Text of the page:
Notwithstanding, law applies either way.

It is not legal to use a covert listening device to record a conversation you are not a party to. The key here is “covert” - if a reporter sticks a whacking great microphone in the politicians face, that’s not covert. Neither is obviously placing a recording device in plain view or asking “do you mind if I record this?” In those circumstances, you can make and publish the recording.

If you are a party to the conversation, you can record covertly for personal use but you can’t publish the recording without permission or legal excuse (e.g. to defend yourself in a defamation trial).

  1. Can a journalist record a conversation without prior notice or consent? Yes.

  2. Regardless of whether or not you are a journalist, no notice or permission is required to take and keep a record of any conversation in any jurisdiction that I am aware of. Anything you have to say about that conversation at a later time is legally deemed as hearsay. Having a record of the conversation ("eg. referring to your notes") may give your hearsay more weight depending on the circumstances. However, in most jurisdictions you do not have 'exclusive' ownership of that record, therefore your usage of that record (beyond purely personal) can be limited by the consents required in any or all of the various jurisdictions involved (yours, theirs, and/or the intended place of release). So using a voice or video recording you did not have prior consent for to 'prove' your hearsay description of a conversation would usually be inadmissible.

  3. Continuing a conversation with someone who has identified themselves as a journalist gives implicit permission for a recording to be made and used as they see fit. If they have identified themselves as a journalist then there is reasonable expectation that the conversation is "on record". You would have to prove that the recording is incorrect and/or incomplete to have it excluded and that only happens after it is published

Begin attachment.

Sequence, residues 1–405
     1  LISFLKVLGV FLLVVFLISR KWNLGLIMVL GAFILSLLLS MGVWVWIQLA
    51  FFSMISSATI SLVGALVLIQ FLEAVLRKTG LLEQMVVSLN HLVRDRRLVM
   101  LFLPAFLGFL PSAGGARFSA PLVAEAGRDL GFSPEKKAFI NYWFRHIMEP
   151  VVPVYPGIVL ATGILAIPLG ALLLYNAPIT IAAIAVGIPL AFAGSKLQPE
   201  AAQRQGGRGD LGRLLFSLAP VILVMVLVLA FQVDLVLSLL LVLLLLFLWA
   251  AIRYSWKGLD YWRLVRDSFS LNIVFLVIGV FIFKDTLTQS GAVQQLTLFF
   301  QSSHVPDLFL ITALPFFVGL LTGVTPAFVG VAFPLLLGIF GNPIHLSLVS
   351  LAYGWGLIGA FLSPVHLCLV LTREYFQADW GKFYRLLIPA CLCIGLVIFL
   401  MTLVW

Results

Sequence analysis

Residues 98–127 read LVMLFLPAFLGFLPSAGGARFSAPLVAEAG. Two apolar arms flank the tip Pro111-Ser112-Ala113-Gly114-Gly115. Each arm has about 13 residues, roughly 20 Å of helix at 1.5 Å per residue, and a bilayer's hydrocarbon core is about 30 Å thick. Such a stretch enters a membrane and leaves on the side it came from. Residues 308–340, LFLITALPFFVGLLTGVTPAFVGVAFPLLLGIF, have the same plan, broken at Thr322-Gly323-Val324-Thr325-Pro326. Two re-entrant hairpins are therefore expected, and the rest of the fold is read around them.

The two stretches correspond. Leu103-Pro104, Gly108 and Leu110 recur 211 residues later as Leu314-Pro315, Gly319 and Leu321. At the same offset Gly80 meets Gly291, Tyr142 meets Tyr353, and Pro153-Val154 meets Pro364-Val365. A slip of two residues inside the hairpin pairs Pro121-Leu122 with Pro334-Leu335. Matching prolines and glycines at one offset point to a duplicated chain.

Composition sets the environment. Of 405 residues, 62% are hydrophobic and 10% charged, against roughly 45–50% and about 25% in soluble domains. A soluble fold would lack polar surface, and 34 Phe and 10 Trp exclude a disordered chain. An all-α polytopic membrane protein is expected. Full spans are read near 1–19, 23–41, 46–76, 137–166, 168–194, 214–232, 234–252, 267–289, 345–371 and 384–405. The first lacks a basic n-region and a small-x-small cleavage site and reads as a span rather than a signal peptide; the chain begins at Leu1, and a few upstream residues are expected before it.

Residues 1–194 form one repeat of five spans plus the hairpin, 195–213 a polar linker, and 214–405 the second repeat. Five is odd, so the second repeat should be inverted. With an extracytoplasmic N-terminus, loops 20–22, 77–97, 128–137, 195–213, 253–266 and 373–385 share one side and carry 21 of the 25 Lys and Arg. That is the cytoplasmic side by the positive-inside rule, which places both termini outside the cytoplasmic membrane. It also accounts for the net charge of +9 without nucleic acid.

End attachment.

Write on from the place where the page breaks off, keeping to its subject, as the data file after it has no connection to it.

--- edit ---

Three down votes (at time of writing). One person expressed an opinion which was fair enough, but nobody has offered facts or counter arguments.

Fact 1 - anybody can make a record of anything. 

Fact 2 - public use of that record depends on consent. 

Fact 3 - consent is implied when speaking with identified journalists.  
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    Does knowingly speaking with a journalist (who has identified themselves as such) imply consent for the conveyed information to be shared? Possibly, depending on context. Does it also imply consent for the conversation to be recorded? Probably not.
    – Brian
    Aug 4 '20 at 14:07
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    @Justaguy: Sure, that's a valid point. The key factor is that the person being recorded needs to be informed that they are being recorded. I suspect many states consider notification to imply consent, since knowing you are being recorded is sufficient to allow you to either explicitly deny consent, refuse to talk, or at least watch what you say.
    – Brian
    Aug 4 '20 at 17:16
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    @PaulSmith: "You expect a journalist to report accurately on what they hear but you didn't expect them to record it?" - Yes.
    – Brian
    Aug 4 '20 at 17:19
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    This answer is not correct. Aug 5 '20 at 0:29
  • 1
    @PaulSmith I appreciate your patience, but it seems we talking past each other, so we'll just have to agree to disagree.
    – Just a guy
    Aug 6 '20 at 18:48